Man on a Rocking Chair in San Juan & I Shot a .38

Man on a Rocking Chair in San Juan


In San Juan I found a man

rocking on his balcony,

the floors creaking,

the glaze in the gaze,

a daffodil stem

hanging from his lips.

I asked him

was he truly

an Indépendantiste?

He shot me a glance,

red in the eyes,

stopped his rocking,

spat in a can,

just to say

that for now,

all he wanted

was his libertad,

a free man, with free choice,

that’s it, that’s all!

¿Entendí algo?


In an ice-bound heaven,

the dream had been


hung from a hook

some years ago,

adjourned, deferred,

a concerto in repose.

An orchestra,

with bows frozen,

icicles hanging.

An epic,

with faces caught,

mouths open

in a moment of despair.

À la prochaine,

with a tilt of the head.

As tears flowed,

it became a still shot,

an interim movement,

an opus for all.


But, here, in the Alps,

in a village called D,

where the snow drifts,

where pin-striped bellies

shake, vibrate,

sniggers abound,

decisions count.

GDP per capita goes Y-ways,


Growth and debt goes X-ways,


Numbered accounts

and interest rates,

Z-ways, fixed.

No balconies,

no rocking chairs

in this castle regal.

No one chews tabac.

Limos drive in and out,

tinted windows and

shadows inside.

Independence, my friend,

is like Capital sans Labour –

a flippant issue, perhaps,

but worth a note –

that sovereignty today,

ça n’existe pas.

The polished floors don’t creak.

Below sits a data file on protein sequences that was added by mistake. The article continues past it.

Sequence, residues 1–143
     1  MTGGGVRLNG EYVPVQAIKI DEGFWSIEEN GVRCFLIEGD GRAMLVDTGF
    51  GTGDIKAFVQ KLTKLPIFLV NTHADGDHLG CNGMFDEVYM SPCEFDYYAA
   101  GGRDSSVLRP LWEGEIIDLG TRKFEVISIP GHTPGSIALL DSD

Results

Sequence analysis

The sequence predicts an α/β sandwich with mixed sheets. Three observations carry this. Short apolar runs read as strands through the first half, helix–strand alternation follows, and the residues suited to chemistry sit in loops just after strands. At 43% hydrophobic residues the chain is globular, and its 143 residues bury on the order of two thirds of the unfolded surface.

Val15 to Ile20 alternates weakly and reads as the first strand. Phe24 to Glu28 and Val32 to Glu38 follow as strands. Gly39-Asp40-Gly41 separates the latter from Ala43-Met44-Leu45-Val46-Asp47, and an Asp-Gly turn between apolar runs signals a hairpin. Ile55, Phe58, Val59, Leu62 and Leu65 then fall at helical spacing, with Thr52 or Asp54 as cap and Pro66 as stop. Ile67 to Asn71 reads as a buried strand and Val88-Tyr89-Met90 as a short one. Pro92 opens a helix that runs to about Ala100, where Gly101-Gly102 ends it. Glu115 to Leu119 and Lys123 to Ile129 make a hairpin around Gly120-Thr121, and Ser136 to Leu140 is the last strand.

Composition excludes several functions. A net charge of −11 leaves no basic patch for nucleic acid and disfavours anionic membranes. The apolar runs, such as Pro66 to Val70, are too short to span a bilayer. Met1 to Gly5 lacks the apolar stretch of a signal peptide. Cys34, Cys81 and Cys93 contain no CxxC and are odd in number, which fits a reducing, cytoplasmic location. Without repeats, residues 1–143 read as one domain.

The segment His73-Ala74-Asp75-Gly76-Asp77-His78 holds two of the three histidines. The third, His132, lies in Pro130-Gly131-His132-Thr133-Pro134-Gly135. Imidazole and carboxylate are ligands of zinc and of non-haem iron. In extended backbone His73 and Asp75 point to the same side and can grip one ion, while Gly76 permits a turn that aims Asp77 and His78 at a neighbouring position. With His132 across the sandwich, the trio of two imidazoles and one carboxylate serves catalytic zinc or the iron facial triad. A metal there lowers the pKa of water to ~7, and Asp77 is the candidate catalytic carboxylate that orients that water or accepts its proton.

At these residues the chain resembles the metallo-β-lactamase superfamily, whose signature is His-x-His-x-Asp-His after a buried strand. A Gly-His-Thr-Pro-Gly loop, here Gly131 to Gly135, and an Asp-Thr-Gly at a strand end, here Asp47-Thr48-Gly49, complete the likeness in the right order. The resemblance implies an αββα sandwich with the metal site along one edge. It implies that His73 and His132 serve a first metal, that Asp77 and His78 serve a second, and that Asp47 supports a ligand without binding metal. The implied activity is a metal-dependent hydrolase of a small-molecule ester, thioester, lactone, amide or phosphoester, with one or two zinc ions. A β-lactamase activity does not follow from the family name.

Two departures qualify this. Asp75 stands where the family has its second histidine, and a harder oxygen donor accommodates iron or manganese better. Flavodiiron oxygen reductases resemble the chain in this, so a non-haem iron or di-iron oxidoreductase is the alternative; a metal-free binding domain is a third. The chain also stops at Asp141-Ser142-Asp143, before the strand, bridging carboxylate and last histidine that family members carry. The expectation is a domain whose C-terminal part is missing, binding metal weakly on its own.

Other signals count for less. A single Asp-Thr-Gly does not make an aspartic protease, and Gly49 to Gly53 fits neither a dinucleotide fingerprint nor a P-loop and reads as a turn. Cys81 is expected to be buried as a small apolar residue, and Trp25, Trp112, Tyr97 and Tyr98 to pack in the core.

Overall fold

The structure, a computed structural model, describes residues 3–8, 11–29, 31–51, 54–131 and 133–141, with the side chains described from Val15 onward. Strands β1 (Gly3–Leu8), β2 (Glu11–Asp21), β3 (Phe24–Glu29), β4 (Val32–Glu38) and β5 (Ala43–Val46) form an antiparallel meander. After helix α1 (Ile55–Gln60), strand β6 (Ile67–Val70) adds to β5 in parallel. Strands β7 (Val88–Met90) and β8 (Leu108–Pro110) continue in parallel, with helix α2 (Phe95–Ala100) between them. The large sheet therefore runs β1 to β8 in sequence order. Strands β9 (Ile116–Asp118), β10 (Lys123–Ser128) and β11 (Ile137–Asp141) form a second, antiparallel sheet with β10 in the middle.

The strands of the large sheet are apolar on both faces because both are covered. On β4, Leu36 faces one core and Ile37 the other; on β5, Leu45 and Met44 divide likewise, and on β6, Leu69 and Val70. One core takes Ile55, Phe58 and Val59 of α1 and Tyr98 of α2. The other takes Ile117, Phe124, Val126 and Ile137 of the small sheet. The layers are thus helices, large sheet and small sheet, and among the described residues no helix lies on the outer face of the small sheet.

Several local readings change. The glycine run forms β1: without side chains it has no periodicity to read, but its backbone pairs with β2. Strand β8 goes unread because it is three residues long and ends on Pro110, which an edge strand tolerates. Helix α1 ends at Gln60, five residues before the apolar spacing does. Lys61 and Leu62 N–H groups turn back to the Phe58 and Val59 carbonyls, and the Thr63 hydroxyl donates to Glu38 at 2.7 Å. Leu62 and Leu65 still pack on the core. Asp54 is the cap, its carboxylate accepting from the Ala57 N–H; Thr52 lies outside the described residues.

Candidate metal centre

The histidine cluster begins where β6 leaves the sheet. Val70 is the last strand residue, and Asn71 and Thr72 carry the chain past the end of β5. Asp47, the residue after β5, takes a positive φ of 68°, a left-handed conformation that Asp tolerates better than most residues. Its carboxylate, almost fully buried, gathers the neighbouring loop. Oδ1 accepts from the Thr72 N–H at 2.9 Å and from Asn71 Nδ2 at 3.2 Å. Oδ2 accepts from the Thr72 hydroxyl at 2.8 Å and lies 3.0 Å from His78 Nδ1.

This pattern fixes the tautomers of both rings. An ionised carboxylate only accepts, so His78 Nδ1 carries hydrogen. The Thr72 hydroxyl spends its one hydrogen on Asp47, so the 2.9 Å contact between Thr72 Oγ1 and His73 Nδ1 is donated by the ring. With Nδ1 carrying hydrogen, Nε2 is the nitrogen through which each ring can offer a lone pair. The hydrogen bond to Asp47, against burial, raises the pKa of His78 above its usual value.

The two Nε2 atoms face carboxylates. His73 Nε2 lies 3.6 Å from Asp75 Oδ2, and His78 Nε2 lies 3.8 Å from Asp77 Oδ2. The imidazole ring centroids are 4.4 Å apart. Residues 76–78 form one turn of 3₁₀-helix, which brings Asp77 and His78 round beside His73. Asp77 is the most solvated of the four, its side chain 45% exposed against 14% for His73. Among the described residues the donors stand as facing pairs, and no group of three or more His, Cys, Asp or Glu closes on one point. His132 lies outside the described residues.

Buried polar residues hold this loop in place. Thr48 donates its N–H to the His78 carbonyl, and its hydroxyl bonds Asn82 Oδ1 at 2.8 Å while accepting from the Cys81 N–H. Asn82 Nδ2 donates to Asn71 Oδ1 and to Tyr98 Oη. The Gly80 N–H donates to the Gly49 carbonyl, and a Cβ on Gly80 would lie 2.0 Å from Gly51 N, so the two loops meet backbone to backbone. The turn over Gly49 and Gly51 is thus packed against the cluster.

The daffodils don’t weep.

“And the wind whispers Mary…

After all jacks are in their boxes

And the clowns have all gone to bed,”

Jimi says, so softly.

There is nothing to sweep away,

as everything is already swept.


The man from San Juan,

with the daffodil stem

hanging from his lips…

The balcony creaks.

The chair rocks.

No man can be seen.


(May 2018)




I Shot a .38

(or Skylight Phobia Version 2)


I shot a .38 through the skylight,

a neat hole, no cobweb

left behind.

Just an accident! I said,

No tension, no threat!


The cartouche

rose steep, parabolic!


Reached its pungent peak

1500 yards up,

climbed down, slowly

passed a cackle

of geese

headed south,


Look, I said,


taking the cue

from VP Gore,

who I’d just seen,

the day before,

on a group discount

at the Paramount.


It hit a neighbour’s clothesline,

flipped clumsily,

resting gently

in the pocket of a kitchen bib

used deftly

by Ms. Turcotte,

who worked in forensics

for a company

she thought

could be basis

for a series, dark,

on BBC,

called CSI Parc!

Yes, Parc!

That rue they called Bourassa

for a week only.


She spied the hole in the skylight

with a telescopic sight

made in Italy,

calculated the impact and velocity,

and determined me to be guilty.

She invited me for dinner.

Gracious! I said,

but dubious, mos def’ly.


She made carbonara, horribly,

and pastry that was pasty,

crusty and oily.

I shuddered mildly

at her hospi-tality.

The blue neon lights,

the quivering maroon lips,

were brand CSI.

Incredible! I said to her,

feigning total intrigue.


I found the errant cartouche

sitting delinquent

in an Akhavan sack.

And when she turned her back,

I lifted it promptly,

holding the .38 to her head.

I’m taking my cartridge back, immediately! I said.

No trace!


She agreed politely

and I left quietly,

knowing she would

study my saliva on a plate,

for DNA left behind.


Traces of skylight phobia

in the ancestral blood

of my émigré utopia…

My parents arrived

in the dead of night,

in a boat from Sri Lanka.


(November 2006/January 2018)



Rana Bose is a member of our editorial team.